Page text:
Effect of agricultural management on N 2 O emissions in the Brazilian sugarcane yield
- Citation data:
Soil Biology and Biochemistry, ISSN: 0038-0717, Vol: 109, Page: 205-213
- Publication Year:
- Immunology and Microbiology; Agricultural and Biological Sciences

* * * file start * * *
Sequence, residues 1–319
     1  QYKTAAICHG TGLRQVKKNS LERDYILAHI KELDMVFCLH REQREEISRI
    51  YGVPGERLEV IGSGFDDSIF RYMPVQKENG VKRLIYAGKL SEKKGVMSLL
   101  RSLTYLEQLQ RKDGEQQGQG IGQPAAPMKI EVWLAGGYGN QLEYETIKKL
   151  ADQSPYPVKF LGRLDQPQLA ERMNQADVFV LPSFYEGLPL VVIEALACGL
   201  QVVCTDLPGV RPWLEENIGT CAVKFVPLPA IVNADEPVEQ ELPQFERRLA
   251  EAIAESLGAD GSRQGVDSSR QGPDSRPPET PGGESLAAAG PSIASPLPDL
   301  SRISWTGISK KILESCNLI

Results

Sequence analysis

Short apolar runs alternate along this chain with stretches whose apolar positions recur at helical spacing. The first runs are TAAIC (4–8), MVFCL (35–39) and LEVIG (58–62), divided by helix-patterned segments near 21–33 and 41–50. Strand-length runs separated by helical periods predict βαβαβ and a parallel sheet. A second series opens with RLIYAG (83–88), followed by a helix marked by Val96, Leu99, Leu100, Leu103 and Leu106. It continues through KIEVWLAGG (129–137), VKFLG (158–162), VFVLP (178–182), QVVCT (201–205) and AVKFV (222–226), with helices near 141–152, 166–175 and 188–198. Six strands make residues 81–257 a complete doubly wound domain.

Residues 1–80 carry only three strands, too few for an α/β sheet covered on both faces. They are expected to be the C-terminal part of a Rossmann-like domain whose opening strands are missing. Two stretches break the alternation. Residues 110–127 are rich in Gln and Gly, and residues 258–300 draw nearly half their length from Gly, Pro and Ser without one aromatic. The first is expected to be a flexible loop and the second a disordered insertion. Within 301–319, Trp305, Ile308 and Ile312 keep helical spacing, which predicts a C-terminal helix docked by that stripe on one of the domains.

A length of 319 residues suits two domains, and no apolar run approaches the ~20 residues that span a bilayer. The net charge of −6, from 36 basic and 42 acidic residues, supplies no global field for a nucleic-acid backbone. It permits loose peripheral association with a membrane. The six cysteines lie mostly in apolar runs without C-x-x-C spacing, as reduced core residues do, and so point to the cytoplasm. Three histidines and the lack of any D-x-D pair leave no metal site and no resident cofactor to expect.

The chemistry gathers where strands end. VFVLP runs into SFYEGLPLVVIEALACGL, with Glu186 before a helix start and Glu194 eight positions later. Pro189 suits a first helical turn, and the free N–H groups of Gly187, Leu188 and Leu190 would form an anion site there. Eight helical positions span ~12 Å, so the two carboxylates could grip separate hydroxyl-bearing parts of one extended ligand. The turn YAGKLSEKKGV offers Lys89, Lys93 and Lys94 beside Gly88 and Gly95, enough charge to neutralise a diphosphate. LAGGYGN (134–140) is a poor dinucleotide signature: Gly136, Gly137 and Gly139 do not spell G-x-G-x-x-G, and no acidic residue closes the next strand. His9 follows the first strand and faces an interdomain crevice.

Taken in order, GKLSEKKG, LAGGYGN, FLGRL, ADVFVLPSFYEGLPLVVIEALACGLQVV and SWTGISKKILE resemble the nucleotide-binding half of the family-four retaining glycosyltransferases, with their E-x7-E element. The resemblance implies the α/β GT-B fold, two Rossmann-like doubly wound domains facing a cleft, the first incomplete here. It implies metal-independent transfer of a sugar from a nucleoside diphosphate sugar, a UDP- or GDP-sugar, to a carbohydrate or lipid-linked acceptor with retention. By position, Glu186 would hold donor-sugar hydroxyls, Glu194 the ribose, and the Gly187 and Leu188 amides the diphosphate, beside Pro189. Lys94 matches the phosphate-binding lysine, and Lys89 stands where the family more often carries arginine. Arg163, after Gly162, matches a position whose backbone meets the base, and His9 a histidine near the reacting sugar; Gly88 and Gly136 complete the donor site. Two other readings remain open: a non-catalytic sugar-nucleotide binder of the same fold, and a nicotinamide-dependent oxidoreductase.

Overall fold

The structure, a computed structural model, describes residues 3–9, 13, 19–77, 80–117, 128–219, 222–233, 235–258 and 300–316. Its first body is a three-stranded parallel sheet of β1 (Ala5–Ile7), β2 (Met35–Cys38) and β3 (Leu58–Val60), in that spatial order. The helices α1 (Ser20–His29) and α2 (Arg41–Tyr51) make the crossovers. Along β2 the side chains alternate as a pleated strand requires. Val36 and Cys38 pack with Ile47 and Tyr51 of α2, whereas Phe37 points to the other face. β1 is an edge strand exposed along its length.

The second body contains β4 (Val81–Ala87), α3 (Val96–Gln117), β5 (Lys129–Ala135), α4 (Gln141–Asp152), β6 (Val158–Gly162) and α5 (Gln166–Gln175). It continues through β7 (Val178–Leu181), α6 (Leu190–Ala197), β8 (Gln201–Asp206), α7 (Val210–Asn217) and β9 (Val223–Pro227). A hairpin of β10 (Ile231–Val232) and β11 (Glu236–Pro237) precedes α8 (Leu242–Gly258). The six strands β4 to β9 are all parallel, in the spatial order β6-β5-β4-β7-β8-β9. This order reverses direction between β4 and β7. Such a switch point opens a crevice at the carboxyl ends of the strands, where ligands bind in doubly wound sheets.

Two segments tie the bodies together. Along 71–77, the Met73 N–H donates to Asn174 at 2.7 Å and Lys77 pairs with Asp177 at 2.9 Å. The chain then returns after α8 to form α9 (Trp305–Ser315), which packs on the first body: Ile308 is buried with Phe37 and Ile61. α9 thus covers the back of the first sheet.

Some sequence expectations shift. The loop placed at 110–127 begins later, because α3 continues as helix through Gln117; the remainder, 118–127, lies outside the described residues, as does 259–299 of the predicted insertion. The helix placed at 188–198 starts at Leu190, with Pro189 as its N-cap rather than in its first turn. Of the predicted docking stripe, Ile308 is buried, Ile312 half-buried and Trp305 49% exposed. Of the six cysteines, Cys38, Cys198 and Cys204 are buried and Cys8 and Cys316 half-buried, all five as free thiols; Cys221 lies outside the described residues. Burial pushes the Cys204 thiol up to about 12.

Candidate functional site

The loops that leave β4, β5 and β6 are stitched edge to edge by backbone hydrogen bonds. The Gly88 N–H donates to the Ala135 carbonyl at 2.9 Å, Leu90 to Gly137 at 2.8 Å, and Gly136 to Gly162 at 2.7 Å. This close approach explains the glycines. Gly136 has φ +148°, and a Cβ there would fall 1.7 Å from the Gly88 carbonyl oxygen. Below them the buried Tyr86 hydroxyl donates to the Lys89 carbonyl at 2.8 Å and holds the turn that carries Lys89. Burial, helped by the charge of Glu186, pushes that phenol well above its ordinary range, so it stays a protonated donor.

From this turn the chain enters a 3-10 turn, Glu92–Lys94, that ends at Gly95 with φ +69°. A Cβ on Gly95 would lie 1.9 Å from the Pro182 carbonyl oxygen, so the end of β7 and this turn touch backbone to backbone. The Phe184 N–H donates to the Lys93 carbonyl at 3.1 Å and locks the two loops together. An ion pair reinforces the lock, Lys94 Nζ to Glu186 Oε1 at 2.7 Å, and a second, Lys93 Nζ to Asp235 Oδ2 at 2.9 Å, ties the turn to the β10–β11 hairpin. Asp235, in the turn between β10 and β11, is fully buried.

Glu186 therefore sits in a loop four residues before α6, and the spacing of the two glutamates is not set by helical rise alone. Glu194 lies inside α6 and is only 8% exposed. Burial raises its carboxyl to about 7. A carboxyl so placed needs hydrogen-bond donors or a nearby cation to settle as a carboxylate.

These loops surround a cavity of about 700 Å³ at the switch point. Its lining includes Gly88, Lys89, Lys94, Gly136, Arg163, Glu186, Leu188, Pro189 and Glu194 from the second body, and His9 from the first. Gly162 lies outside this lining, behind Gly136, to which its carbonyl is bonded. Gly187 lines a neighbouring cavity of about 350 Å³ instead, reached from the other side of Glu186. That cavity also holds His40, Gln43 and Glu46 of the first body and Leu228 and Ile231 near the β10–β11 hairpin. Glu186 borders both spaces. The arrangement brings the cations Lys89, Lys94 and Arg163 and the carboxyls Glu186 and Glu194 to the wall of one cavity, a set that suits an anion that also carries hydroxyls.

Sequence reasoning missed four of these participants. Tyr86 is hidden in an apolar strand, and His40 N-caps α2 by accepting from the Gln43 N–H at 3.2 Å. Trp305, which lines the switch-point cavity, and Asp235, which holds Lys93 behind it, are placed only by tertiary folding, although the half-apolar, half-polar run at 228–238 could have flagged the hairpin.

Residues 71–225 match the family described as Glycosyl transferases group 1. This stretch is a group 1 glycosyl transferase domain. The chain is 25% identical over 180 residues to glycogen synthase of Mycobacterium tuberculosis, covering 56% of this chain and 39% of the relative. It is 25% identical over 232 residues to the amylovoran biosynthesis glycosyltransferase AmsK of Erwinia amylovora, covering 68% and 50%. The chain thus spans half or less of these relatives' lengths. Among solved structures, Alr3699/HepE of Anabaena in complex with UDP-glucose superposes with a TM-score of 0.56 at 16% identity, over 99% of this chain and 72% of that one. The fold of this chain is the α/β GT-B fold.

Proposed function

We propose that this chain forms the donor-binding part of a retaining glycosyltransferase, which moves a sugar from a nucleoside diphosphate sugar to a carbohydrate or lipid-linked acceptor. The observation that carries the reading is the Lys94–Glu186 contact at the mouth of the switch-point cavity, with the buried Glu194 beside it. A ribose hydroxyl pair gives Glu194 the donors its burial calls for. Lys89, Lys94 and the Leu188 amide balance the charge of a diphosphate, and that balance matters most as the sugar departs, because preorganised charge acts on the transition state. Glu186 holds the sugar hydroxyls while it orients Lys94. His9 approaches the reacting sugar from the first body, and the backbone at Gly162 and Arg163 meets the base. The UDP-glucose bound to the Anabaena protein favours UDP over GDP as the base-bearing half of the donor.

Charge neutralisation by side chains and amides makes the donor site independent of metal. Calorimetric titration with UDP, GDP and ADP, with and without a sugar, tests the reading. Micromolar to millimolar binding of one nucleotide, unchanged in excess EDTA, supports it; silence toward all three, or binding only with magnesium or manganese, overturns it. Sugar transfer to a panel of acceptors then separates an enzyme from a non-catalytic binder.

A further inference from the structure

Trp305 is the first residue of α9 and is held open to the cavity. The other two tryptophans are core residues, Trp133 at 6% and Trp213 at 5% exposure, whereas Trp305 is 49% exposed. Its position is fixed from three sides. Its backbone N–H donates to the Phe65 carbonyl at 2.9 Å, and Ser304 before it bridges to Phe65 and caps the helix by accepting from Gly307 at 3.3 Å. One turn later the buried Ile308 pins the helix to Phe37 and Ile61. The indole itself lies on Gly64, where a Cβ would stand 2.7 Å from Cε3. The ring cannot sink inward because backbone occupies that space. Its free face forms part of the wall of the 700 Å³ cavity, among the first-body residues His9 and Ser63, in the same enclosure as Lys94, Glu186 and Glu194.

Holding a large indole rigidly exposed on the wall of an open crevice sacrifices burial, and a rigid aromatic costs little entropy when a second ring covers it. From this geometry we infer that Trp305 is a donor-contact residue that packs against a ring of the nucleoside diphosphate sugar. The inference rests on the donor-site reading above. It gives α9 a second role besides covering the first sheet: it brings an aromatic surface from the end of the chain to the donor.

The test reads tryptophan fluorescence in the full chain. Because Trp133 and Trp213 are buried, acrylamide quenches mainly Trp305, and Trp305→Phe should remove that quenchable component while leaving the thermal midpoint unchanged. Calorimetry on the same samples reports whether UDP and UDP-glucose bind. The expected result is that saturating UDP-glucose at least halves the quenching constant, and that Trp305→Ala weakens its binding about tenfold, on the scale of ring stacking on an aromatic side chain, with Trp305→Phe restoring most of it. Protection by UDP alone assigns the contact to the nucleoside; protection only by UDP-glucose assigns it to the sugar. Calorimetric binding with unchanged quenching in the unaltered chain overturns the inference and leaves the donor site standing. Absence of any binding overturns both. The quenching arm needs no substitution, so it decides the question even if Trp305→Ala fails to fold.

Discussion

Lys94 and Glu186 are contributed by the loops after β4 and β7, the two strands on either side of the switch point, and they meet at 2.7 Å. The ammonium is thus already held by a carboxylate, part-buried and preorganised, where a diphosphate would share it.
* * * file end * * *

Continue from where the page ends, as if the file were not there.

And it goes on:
The expansion of sugarcane cultivation in Brazil for sugar and bioethanol production has led to increased N-fertilizer use. Today, sugarcane is harvested mechanically and resulting crop residues are retained as a mulch on the soil surface. We hypothesized that the combination of these activities (topdressing N-fertilization applied on the mulching) promotes soil conditions that modify the microbiota involved in the soil N cycle, and consequently raise N 2 O emissions. We investigated a commercial sugarcane crop to determine whether a topdressing of N-fertilizer (100 kg N ha −1 as ammonium nitrate) combined with sugarcane straw mulch (14 Mg ha −1 dry mass) change soil attributes (pH, total C and N, microbial biomass C and N, inorganic-N and WFPS%), and the copy numbers of genes ( nirS, nirK, norB and nosZ ) involved in soil N-transformation with consequent increases in N 2 O emissions. The 3 × 2 factorial treatments were: three soil surface treatments: i) bare soil (no-straw); ii) sugarcane straw and, iii) synthetic straw (polypropylene strips) and with or without an application of N-fertilizer. The mulch treatments (sugarcane or synthetic) produced the highest emissions, which occurred at two ‘N 2 O hot moments’ within 10 days after fertilization. Regarding fertilizer treatments, cumulative N 2 O emissions did not differ between the straw treatments (∼99 mg m −2 ) but were higher than those of the no-straw treatments (51 mg m −2 ). Similar behavior was found in the no-fertilizer treatments where the highest emissions were found in the straw treatments (∼30 mg m −2 ) and lowest in the no-straw treatments (6 mg m −2 ). The copy numbers of the nirS, nirK, norB and nosZ genes were equal in the straw treatments, but were significantly lower in the no-straw. While high copy numbers of the norB gene were associated with the ‘N 2 O hot moments,’ the same was not observed for the other genes. Redundancy analysis (RDA) indicated that N 2 O emissions were higher in relation to microbial biomass and WFPS% than they were in relation to the norB gene and inorganic-N. Our findings show that N-fertilization combined with sugarcane-straw mulching raised N 2 O emissions by promoting a chain of interactions between soil attributes and microorganisms involved in N-transformation.